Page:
Shaughnessy said public safety workers have their own retirement system and are eligible for retirement disability pay, which, he said, “in many circumstances is 50 to 60 percent of their pay.” Workers compensation would pay an additional two-thirds of the employee’s average weekly wage.
“So the public is paying, then, 112 percent of what they would make if they were working,” Shaughnessy said, adding police and fire disability benefits are the only benefits that he knows of that are not offset by workers comp payments. “These police and fire(fighters) are going to be double-dipping, in essence.”
In denying Bentley workers compensation, the state Supreme Court urged lawmakers to change the law, arguing South Carolina would not see a flood of frivolous claims because S.C. law also requires “medical evidence.” But the S.C. Association of Counties disagrees.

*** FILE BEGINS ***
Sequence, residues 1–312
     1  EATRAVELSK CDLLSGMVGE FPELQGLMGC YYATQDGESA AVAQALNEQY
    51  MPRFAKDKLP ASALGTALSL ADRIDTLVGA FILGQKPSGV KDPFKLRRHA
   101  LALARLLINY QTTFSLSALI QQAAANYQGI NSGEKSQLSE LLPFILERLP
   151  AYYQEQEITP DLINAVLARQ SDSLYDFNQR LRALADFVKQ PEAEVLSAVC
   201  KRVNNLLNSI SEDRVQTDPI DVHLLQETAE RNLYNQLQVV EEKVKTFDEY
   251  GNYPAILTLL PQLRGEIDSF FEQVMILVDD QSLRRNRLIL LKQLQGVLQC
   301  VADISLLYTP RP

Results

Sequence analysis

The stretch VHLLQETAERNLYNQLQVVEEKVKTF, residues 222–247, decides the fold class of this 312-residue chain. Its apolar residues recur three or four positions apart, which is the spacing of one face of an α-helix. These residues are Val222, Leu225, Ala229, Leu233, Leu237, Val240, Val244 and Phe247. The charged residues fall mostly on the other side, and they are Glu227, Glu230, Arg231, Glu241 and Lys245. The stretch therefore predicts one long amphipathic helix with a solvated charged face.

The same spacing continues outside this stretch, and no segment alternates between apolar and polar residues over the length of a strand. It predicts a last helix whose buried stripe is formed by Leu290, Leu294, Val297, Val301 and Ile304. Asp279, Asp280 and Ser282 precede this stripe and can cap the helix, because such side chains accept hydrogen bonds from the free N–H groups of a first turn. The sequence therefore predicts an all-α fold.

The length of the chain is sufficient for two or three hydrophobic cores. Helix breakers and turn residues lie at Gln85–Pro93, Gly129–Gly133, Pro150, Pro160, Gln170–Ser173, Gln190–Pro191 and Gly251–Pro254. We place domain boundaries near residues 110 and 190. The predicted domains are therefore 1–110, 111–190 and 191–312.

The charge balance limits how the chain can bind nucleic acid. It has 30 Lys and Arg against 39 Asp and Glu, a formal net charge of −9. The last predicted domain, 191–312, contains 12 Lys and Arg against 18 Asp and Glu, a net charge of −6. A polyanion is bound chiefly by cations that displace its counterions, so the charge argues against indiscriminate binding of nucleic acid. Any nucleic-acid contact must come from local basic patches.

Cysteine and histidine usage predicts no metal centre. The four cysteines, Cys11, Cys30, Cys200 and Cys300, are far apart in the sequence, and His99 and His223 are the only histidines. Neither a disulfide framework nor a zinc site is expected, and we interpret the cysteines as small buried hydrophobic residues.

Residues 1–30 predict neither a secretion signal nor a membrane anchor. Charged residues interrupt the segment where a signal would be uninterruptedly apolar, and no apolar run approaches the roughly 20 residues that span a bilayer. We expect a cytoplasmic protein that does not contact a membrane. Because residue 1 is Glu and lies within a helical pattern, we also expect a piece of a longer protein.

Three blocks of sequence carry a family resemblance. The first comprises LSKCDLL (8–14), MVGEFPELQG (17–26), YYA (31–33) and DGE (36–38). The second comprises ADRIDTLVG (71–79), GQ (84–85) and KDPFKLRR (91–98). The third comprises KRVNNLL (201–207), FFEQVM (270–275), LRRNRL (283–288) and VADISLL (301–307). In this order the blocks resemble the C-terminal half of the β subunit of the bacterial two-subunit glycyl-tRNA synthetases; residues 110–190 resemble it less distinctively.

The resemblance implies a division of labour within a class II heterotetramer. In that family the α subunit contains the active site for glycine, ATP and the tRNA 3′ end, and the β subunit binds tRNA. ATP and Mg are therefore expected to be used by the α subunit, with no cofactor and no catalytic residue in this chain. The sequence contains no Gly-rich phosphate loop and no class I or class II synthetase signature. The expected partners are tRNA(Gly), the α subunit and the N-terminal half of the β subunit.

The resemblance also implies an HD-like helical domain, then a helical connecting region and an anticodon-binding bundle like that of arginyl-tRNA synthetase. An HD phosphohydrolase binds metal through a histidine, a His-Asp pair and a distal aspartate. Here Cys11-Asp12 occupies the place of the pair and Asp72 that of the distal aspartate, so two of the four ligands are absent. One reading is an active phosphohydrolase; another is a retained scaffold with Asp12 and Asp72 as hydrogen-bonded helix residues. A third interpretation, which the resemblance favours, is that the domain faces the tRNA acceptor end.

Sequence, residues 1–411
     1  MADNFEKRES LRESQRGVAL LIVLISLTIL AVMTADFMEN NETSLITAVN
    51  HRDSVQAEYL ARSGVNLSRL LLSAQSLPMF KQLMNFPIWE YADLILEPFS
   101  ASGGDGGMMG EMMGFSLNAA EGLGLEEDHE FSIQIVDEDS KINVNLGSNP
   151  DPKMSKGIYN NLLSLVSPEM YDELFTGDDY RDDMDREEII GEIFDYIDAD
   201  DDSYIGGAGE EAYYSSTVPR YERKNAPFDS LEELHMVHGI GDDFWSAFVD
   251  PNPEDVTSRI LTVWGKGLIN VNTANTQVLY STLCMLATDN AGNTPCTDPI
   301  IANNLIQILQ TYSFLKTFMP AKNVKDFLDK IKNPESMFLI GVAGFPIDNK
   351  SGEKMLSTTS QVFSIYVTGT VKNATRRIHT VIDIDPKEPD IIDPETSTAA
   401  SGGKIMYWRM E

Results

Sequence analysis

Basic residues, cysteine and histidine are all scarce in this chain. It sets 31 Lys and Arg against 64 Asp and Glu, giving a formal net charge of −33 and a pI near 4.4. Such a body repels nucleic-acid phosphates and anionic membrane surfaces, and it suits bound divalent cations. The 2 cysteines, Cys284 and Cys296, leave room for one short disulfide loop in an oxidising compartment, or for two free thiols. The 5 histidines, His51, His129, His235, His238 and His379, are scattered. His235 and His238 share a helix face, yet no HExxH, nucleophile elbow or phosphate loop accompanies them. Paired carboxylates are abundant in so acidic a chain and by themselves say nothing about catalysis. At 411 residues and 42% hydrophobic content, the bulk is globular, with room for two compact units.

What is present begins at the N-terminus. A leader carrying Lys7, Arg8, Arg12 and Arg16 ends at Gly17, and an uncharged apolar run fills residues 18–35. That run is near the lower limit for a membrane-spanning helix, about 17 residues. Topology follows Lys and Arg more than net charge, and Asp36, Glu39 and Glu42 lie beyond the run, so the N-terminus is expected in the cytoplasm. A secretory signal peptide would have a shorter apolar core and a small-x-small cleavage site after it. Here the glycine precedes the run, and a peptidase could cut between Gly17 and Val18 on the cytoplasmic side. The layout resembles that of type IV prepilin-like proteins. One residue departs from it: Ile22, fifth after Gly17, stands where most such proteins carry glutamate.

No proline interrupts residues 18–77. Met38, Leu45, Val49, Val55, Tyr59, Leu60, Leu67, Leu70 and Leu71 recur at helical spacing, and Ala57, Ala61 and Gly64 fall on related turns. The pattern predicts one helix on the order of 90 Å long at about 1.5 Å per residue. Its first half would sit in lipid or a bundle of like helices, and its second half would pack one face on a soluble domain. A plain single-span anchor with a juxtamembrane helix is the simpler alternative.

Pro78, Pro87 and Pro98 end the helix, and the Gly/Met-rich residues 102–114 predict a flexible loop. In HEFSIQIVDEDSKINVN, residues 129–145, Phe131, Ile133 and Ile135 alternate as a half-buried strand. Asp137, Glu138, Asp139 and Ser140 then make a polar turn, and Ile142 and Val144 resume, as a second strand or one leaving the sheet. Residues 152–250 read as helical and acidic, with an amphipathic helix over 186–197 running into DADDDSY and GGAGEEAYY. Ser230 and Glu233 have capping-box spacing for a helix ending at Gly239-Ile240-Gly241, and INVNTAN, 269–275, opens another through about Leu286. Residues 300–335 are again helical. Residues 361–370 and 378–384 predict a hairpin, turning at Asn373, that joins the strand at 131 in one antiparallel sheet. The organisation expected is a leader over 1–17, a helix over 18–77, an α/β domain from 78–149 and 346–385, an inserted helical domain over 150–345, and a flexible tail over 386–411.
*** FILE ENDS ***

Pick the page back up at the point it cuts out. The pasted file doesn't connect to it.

“We’re still using the tests and diagnostics from the ’60s,” said Robert Croom, the association’s deputy general counsel. “There is no way to take an MRI or an X-ray or run a blood test and say, ‘Yes there is a genuine mental illness here.’ ”
‘No, it’s not better’
Bentley now lives in Myrtle Beach, where he spends time doing yard work and building birdhouses.
But “to say that it’s better? No, it’s not better. I’m 34 years old, and I haven’t slept in my bed since 2009 because I don’t know when I’m going to piss on myself because of the nightmares,” he said.
His case won’t be the last in South Carolina.
In 2005, Raquel Martinez – a forensic investigator and 28-year veteran of the Spartanburg County Sheriff’s Department – investigated the death of a 2-year-old girl who accidentally was run over by her police-officer father as he was backing his patrol car out of the driveway.
Martinez worked the scene by the book, just as she said she had done countless times in her career. But, four months later, her father found her in the bushes in her front yard, looking for an imaginary “little girl” that Martinez said she was going to take on a trip.
Martinez was diagnosed with post-traumatic stress disorder, and she, too, was denied workers compensation.
Her case is pending before the state Supreme Court.
Reach Beam at (803) 386-7038.